Warren Buffett’s army of fans are always quick to quote their favourite Buffett wisdom, but they tend to ignore his clearest investment advice.
He’s set it out in various ways over the decades, but here’s how he described it to CNBC a couple of years ago: “Consistently buy an S&P 500 low-cost index fund.… I think it’s the thing that makes the most sense practically all of the time.”
And he really means it. He is on the record that he wants 90% of the money he leaves his family after his dies - no small sum, it’s fair to predict - to be invested this way. The most famous stock-picker in history wants you to invest in a passive fund - even ahead of buying shares in Berkshire Hathaway, his own giant conglomerate through which he actively invests in other companies.
If ever there were a case of ‘do as I say, not as I do’, this is it.
As if to prove this point, Berkshire Hathaway shares have underperformed the S&P 500 over the past 10 years - a fact that made it in the write up of a recent extended interview with Buffett by the Financial Times, granted ahead of the annual Berkshire Hathaway Annual Shareholder Meeting.
The paper points out that a dollar invested in Berkshire Hathaway 10 years ago would now be worth $2.40, whereas the same dollar in an S&P 500 tracker be worth $3.20. In point of fact, Berkshire Hathaway has beaten the market in the period since the start of the financial crisis - it is only in the recovery period since 2009 that it has lagged.
The FT report does a good job of dissecting this underperformance. It explains how the investing world in 2019 looks very different to 54 years ago, when Buffett took control of Berkshire Hathaway. There are far fewer under-researched corners of the corporate world for investors like Buffett and his long-time collaborator Charlie Munger to mine.
The early part of Buffett’s career involved buying ‘cigar-butt’ companies - those which the market believed were spent but Buffett saw as bargains. This cemented his reputation as the ultimate ‘value’ investor. In reality, the philosophy has morphed over the decades and late-period Buffett is more concerned with buying high-quality brands, even if that means paying prices that are less-obviously cheap.
This shift has meant buying shares of the biggest brands in America from companies that naturally feature in the biggest stock market indices - so it’s no wonder the performance of Berkshire Hathaway has moved closer to that of the market.
Additionally, there has recently been a problem of Berkshire Hathaway having too much money (if that can ever be described as a problem). Berkshire Hathaway has a value of around $700bn. Around $100bn of that is a pile of cash which has grown significantly in recent years - about $100m rolls in every working day.
To move the dial in any significant way Berkshire needs to make really, really big bets and there are only a few places big enough to do it. In fact Buffett says there are only about 100 publicly listed companies that he can meaningfully invest in. It is part of the reason that Berkshire Hathaway increasingly buys whole businesses.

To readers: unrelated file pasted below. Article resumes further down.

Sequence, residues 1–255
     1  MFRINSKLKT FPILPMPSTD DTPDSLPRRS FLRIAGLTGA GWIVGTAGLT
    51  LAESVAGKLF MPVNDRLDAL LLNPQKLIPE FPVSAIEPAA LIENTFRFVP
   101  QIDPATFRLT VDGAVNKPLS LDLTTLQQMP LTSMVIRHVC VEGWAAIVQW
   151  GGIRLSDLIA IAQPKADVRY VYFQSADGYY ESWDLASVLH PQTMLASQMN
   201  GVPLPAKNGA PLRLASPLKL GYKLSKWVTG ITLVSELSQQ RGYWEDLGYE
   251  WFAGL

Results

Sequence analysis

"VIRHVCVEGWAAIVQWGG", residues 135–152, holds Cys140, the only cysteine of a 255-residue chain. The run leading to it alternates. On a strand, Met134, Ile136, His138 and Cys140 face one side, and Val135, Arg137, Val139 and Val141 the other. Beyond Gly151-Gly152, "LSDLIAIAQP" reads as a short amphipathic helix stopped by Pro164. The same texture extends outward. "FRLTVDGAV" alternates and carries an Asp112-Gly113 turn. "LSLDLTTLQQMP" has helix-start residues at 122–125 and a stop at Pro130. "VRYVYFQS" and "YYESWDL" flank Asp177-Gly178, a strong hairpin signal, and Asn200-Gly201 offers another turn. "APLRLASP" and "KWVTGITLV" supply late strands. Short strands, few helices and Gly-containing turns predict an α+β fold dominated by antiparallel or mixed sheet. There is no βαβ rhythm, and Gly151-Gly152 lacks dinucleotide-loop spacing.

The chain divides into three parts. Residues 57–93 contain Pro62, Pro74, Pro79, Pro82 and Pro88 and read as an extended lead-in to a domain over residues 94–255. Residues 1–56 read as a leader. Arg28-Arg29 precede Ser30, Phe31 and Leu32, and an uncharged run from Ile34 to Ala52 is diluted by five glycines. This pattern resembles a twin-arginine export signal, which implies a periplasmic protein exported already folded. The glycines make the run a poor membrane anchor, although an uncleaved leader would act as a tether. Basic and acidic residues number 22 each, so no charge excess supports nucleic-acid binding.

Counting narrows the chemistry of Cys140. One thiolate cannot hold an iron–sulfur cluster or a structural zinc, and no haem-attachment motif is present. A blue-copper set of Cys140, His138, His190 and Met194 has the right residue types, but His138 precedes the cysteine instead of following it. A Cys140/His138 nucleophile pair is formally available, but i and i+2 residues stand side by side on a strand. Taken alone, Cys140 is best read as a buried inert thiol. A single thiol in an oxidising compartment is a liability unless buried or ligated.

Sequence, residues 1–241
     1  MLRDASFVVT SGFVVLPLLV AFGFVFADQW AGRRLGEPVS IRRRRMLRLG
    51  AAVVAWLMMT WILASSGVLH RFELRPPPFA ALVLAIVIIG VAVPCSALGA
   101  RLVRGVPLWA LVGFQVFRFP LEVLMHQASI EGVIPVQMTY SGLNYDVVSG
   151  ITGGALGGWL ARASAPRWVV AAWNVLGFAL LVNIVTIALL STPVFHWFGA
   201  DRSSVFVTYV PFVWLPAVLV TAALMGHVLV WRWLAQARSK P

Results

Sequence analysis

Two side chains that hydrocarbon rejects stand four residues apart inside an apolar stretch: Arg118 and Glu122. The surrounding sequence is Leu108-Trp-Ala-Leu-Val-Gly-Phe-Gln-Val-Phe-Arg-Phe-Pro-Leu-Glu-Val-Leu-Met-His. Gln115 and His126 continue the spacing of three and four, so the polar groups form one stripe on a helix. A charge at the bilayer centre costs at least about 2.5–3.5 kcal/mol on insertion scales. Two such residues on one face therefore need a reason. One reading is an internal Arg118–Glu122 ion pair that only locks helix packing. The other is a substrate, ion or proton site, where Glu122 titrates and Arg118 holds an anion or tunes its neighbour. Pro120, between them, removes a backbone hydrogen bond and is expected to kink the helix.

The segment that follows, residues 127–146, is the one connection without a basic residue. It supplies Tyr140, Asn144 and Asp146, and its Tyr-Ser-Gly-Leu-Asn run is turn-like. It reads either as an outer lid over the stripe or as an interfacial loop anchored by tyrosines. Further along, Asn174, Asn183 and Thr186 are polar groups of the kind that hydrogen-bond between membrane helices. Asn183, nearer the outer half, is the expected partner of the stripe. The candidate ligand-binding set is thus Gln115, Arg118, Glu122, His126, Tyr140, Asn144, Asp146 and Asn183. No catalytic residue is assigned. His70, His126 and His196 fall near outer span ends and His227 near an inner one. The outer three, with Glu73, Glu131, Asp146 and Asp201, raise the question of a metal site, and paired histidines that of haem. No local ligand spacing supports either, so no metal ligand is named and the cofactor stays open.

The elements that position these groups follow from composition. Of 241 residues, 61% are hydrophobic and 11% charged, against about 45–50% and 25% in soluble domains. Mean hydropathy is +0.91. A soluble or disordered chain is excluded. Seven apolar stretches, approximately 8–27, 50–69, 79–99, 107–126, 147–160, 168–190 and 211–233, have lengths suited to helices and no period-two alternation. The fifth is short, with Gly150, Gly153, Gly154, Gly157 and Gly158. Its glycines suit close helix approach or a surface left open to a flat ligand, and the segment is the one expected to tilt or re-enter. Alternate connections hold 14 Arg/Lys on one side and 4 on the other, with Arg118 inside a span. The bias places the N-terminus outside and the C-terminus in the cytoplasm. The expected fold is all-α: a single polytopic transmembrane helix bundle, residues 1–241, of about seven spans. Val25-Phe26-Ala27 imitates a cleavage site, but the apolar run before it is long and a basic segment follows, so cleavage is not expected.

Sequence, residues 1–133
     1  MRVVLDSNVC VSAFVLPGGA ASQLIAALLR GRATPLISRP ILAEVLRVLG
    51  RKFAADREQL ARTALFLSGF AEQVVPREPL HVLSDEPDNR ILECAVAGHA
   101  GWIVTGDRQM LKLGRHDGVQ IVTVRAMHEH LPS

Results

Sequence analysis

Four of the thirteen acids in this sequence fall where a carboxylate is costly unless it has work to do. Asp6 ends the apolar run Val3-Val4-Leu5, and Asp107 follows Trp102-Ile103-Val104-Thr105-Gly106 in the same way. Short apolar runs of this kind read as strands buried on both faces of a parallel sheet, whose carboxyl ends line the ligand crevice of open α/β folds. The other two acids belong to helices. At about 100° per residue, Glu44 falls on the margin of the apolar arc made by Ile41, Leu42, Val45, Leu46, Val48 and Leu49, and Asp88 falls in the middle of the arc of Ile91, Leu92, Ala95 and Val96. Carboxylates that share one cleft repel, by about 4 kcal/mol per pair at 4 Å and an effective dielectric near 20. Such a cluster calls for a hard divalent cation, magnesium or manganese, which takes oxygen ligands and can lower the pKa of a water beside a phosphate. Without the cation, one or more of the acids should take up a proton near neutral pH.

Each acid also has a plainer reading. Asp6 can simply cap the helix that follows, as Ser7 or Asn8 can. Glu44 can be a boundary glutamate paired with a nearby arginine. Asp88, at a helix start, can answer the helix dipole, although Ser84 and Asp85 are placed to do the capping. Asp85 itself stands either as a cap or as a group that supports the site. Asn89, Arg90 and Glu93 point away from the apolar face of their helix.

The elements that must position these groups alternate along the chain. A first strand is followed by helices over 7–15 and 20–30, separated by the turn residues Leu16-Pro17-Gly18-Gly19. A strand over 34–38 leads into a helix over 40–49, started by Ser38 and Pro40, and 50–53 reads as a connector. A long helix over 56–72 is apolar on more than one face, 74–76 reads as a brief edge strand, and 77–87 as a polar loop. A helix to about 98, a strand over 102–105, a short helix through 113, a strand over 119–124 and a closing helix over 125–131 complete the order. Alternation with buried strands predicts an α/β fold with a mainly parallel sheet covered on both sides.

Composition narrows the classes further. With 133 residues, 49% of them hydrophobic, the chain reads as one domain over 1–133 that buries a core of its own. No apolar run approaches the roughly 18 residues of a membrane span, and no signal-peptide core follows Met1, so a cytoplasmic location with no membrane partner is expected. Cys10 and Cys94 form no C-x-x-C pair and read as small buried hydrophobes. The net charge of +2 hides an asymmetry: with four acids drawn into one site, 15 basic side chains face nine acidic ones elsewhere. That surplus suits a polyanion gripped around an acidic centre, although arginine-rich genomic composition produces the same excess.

Does all this mean that the age of the stock-picker is over, destined to pass when Buffett, it’s greatest exponent and now 88-years-old, calls it a day?
That seems unlikely. Firstly, the whole world can’t invest passively, even if it wanted to. Indexes rely on someone, at least, making active decisions for the rest of the market to hitch onto. Logic dictates that the greater proportion of money that invests passively, the greater the potential opportunities for active investors to exploit.
Secondly, the period since 2009 in which Berkshire Hathaway has lagged has been peculiar in a number of ways. Cheap central bank money flooded economies and stock markets after the crisis and this has tended to lift all companies, even those poor companies that an active investor would traditionally add value by avoiding. That situation can change.
The appeal of Berkshire Hathaway now is not as a high-octane source of share price growth but as an alternative way to buy a slice of blue riband corporate America. Index investing offers a very similar thing, but Berkshire may still be able to add value - particularly in periods of falling markets - by putting its huge cash reserve to use buying its own shares, or those of the companies it holds, at temporarily low prices.
Five year performance
As at 26 April
Past performance is not a reliable indicator of future returns
Source: Fidelity, as at 26.4.19, in $ terms with income reinvested
The value of investments and the income from them can go down as well as up, so you may get back less than you invest. Overseas investments will be affected by movements in currency exchange rates. Reference to specific securities should not be construed as a recommendation to buy or sell these securities and is included for the purposes of illustration only. This information is not a personal recommendation for any particular investment. If you are unsure about the suitability of an investment you should speak to an authorised financial adviser.